(Going fast in the shadows)

(Steep, steep, steep)

The steepest climbs began about six miles in, and had to slow to a walk on the big pitch to avoid overheating. I looked ahead and saw there were two lines of runners – the acclimated, and the unacclimated. I so, so wished to be with the fast line, but had to let them pass by, including some 40’ish looking runners that had me worried about my age group standings. Local Mark Mench said not to worry, gave me a pat on the back and flashed a hang loose, never breaking stride. He’s right – don’t stress it, you’re in paradise!

(Mark flashes a hang loose as we pass the Chinaman's Hat island)

(Oh. My. God. Could it get any prettier?)

(Gravity is your friend!)

We soon reached the peak and ventured into some “single track”, aka “a mile wide thicket of bushes with a mud strip down the middle”. Had the front-runners not left footprints, I’m not sure if I could have figured out where to go! The run down the spine of the mountain was short, and we quickly plunged into the muddy single track back to the valley.


(Single track)

(Single track in there somewhere)

I threw myself down the hill, knowing the Inov-8 x212 knobbies would grab everything they could as I sledded through the thick stuff. I passed a couple of runners, took a header into the bushes, then got back up and passed a couple of more. With one big splash in a puddle at the bottom, the mud shook off my shoes and sprayed behind me. I caught sight of runners strung along the cow-trail single track ahead, and they were within striking distance. This was it, the place where I was going to make up some time. I threw my arms and kicked behind me – my “ground eater” stride – and went for broke.

Passing on the thin single track was tricky, and there was little time to ask to pass before practically running on top of the person in front of you. Luckily these were trail runners, so I just got shouts of support as I took some chances on the high side of the trail. The cheers at the finish were deceivingly close, so I just stayed focused on the runners ahead of me. The volunteers said I was in 18th…then 16th…then 14th. Could I crack the top 10? I picked off a few more runners, but it wasn’t quite enough. I finished in 1:35:23, good enough for 14th and first in my age group. More importantly, just in time to see the beginning of the kids race where Sophie ran the whole thing in her Crocs.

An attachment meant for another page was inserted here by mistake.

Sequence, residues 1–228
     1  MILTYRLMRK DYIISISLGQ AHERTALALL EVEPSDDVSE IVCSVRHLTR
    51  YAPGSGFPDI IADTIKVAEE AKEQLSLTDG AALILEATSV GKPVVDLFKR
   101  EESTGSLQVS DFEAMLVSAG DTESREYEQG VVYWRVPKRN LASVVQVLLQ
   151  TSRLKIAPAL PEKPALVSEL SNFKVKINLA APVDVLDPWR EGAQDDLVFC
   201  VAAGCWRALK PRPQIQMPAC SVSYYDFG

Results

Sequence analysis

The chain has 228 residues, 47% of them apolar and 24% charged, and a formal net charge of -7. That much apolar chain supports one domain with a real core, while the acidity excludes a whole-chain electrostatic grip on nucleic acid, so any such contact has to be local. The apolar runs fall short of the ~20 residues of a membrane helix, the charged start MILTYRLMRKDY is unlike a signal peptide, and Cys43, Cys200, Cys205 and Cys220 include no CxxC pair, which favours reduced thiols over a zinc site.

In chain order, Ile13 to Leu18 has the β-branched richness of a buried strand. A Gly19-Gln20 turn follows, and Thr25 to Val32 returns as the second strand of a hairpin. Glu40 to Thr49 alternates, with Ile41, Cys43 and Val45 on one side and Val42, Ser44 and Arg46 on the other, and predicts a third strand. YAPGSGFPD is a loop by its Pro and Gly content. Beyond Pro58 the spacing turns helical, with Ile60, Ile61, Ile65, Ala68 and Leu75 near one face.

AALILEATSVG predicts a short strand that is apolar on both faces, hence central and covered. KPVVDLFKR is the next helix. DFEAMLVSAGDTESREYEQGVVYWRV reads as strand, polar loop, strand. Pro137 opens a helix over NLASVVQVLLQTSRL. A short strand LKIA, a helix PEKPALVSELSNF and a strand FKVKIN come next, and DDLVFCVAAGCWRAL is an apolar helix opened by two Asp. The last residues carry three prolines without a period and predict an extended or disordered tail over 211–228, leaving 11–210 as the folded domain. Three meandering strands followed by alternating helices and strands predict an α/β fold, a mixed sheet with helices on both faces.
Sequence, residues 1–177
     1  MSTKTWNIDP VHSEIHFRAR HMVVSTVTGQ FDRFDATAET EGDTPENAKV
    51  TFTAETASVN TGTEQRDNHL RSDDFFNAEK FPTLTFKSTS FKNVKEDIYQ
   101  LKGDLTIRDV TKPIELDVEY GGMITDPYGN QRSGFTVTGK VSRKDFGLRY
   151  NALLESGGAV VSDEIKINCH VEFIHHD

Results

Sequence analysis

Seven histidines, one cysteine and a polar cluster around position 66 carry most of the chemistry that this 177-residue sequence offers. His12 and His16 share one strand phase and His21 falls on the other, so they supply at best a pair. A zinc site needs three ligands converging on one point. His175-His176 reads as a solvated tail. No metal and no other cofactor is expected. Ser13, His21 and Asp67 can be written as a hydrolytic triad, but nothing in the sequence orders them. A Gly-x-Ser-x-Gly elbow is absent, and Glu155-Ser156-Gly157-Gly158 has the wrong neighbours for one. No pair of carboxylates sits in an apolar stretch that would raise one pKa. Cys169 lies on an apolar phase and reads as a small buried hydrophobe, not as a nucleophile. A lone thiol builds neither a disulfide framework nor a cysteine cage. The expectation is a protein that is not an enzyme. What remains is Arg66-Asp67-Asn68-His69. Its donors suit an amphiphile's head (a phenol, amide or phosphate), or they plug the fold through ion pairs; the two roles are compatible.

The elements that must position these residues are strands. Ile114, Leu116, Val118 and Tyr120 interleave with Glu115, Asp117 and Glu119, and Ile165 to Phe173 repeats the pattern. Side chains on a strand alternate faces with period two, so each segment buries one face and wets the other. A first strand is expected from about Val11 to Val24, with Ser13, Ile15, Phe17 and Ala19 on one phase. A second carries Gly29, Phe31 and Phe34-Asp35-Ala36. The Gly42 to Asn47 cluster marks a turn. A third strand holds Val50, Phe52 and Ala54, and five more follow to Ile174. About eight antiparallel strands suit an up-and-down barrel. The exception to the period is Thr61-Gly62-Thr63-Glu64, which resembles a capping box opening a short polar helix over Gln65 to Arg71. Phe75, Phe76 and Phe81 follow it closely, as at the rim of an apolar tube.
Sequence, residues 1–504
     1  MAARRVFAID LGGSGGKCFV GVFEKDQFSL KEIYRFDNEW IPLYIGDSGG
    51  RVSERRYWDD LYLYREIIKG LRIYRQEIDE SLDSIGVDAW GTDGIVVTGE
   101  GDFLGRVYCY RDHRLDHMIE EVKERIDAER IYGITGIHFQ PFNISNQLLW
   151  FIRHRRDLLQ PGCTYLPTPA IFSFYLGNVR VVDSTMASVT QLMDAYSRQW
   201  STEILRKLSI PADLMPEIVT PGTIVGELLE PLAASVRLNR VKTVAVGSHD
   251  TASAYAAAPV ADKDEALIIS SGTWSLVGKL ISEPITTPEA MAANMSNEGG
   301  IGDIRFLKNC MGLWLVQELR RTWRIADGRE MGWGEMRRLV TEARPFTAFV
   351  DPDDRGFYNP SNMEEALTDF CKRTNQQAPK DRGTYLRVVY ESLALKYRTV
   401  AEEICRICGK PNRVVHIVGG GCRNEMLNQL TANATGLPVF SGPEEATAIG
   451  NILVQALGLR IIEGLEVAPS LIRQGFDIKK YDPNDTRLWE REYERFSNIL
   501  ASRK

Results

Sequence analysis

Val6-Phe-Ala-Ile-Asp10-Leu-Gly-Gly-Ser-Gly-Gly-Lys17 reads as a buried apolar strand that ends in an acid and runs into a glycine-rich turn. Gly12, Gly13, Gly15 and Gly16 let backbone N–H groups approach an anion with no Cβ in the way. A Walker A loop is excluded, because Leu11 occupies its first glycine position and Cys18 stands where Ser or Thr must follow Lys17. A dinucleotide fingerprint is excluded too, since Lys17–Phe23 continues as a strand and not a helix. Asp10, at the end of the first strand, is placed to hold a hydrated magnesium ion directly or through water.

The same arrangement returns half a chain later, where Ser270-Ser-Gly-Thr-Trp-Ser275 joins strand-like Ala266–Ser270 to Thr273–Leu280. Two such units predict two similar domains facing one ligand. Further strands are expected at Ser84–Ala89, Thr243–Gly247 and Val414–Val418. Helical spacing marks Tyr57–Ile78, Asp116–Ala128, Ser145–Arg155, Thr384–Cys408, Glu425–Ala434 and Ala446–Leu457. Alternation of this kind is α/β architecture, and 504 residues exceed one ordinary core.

I nearly drank an entire jug of Gatorade trying to get my body temp back to normal, all while sharing stories with Fujio Miyachi (5th, 1:26:12), Fiona Docherty (8th, 1st female, 1:30:05 CR), Cynthia Anderson (14th, 2nd female, 1:33:01), Heather Fuhr (19th, 3rd female, 1st Master female, 1:38:01), and others at the finish. Everyone exclaimed their pure joy with the mystery trail, which dished out plenty of hills, speed, mud, and scenery to be worthy of a World Championship. In fact, every runner who came in had that addictive mix of mud, smiles, and stories. If given a chance, I would have loved to go for a second loop. But most others were content with plentiful snacks, a haircut from the Paul Mitchell stylists doing a fundraiser for Challenged Athletes Foundation, or a nice massage.


(Max King repeats his win with a new CR)

Max King won the event in 1:14:26 (CR), with Joe Gray taking second (1:17:21, also beating last year’s CR), and Ben Bruce (1:20:43) taking third. [results] I caught up with them as we cooled down and cheered on the other runners, and it sounded like the new course was tougher than last year but a bit shorter. Max and Joe had split off from Ben about 3 miles in, but Max had used his course knowledge to perfect a wicked pace a few miles afterwards to break free of Joe.

(Me and Inov-8 teammate Joe Gray at the finish)

(Ben Bruce and Joe Gray relax at the finish)

(Tom Knoll shows off his trophy from the very first Ironman in 1978)

(Sophie poses with the trail elf)


(Inov-8 x212's and Injinji tsoks kept off the mud, blood, and burrs)

(Top finishers Ben Bruce, Heather Fuhr, Fiona Dougherty, Max King, Cynthia Anderson, and Joe Gray)

We collected our hardware, headed up the coast to have a few beers while watching the pro surfers tackle the 30 foot surf, and let the day stretch out as long as possible. I was still giddy with the feeling that trail running is such a universal passion, and toasted the good folks of XTerra for putting on a world championship that allowed me to make friends across the globe in one epic morning. When I caught up the other runners and XTerra volunteers at the celebration that evening, everyone agreed that it was world class. We were soon flipping through the XTerra schedule for the next one. ;-)